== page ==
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Badminton: ‘Dark Dan’ lights up BWF World Champs on Olympics anniversary

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Two-time Olympic gold medallist Lin Dan was the star attraction on the opening day of the BWF World Championships in Guangzhou, China.

 

August 5, 2013: A year to the day since beating World No. 1 Lee Chong Wei in the final of the London Olympics, a suntanned Lin Dan clinically dismissed Sattawat Pongnairat of the USA 21-6, 21-9 in the first round of the BWF World Championships in Guangzhou.

 

Since successfully defending his Olympic crown at Wembley Arena in an epic contest against Lee, ‘Super Dan’ has almost completely avoided tournament play. He competed at the Badminton Asia Championship in April in Taiwan, but withdrew ahead of the semi-finals citing an injury to his left shoulder.

 

With his marriage to fellow badminton player Xie Xingfang last December marking one of his rare public appearances in the last 12 months, his first competitive tournament in China for over a year brought huge anticipation – and as he so often does, the 29-year-old legend delivered for his fans.

 

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Lin beat Sattawat Pongnairat of the USA 21-6, 21-9.

Looking fit and in good form, he pounded out his first 11 points in just three minutes as he outclassed Sattawat, who is seeded 54th, one below Lin, who needed a wildcard to enter the tournament due to his plummeting ranking.

 

“I did my best,” Lin said when asked if he had deliberately extended the game to get some more match practice. “In every match, my priority is to get to 21 points first, so I always do my best to win a game. I don’t consider anything else.”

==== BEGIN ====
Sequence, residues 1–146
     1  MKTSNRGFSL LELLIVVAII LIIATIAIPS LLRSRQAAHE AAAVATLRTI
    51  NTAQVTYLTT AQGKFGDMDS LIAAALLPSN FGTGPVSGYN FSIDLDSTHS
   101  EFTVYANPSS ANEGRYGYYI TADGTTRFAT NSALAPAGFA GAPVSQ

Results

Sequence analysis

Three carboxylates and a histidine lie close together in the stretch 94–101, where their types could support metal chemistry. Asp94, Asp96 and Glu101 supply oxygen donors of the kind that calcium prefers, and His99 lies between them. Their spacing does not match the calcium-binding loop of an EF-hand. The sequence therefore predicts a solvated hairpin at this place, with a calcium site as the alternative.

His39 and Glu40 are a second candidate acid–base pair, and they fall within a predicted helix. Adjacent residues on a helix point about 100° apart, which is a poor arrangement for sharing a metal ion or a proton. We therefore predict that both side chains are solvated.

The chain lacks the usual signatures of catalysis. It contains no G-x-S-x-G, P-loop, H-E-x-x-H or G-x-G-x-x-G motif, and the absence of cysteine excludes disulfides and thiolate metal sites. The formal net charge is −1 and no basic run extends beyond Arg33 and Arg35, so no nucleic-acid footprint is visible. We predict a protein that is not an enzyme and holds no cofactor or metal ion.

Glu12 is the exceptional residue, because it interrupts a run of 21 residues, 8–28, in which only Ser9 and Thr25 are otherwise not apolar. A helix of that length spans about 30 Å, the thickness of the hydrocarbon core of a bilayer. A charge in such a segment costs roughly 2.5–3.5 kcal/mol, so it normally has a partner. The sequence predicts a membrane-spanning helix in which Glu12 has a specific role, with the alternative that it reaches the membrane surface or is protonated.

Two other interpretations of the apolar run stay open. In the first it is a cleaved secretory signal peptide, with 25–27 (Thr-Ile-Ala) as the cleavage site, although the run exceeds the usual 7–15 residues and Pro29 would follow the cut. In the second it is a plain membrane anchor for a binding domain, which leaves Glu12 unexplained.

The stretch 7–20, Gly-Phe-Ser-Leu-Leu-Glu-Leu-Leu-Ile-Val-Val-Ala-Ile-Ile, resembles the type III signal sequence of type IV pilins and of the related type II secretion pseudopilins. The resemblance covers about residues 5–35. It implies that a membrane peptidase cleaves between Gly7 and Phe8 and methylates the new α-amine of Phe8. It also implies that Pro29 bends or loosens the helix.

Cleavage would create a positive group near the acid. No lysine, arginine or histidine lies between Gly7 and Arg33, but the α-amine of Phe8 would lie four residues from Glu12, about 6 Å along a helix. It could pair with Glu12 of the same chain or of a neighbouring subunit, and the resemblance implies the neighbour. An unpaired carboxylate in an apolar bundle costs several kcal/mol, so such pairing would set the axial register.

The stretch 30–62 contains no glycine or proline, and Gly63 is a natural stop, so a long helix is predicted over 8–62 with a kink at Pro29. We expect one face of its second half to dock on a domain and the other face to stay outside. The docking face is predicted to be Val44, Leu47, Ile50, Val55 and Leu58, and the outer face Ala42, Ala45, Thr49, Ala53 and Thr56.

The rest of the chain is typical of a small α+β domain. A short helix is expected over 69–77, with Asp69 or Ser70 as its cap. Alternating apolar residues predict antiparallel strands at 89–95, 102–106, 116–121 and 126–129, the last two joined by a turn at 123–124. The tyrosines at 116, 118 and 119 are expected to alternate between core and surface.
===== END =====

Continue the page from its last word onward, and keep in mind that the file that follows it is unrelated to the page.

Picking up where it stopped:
Lin’s compatriots and the world’s badminton community have eagerly awaited his appearance at the Tianhe Sport Centre as he defends his 2011 title, his fourth following three ‘successive’ titles in 2006, 2007 and 2009. The event is not held in Olympic years.

 

“Before I came here, all the media and all the fans have had very high expectations of my performance in the championship,” he said.

 

“For me, I want to have a very good attitude to every match and try to seize every opportunity and win every point. Anything can happen in a match, so a good attitude and a good mental state is important this week.”

 

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Lin speaks to the media after his first competitive match in China for over a year.

Lin said he did not get the time to watch Lee beat Irishman Scott Evans 21-14, 21-15 in an earlier encounter. Lee, the top seed, is in the other half of the draw to Lin, creating the potential for another epic contest in the final.

 

“Lee is excellent and one of the greatest players in badminton history. It doesn’t matter who plays in the final,” Lin said.

 

“What we need are more active and exciting matches throughout the championship, because that will help the sport of badminton.”

 

In the bottom half of the draw, Chen Long, the World No. 2 and currently China’s top-ranked player, was ruthless as the 24-year-old crushed Luka Wraber of Austria 21-2, 21-5.

 

However, World No. 3 Du Pengyu had to battle hard to survive a tough three-game battle with Korean Son Wan-ho, the Chinese losing the second set before winning 21-17, 16-21, 21-13.

 

Du, who beat Chen in straight games to win this year’s Badminton Asia Championships, has had tough matches with Son in their previous two encounters, winning both in close encounters.

 

Son, who won the India Open on last year’s Superseries, looked impressive as he continues to find his form following a long injury layoff following last year’s Olympics and a stint in the army.

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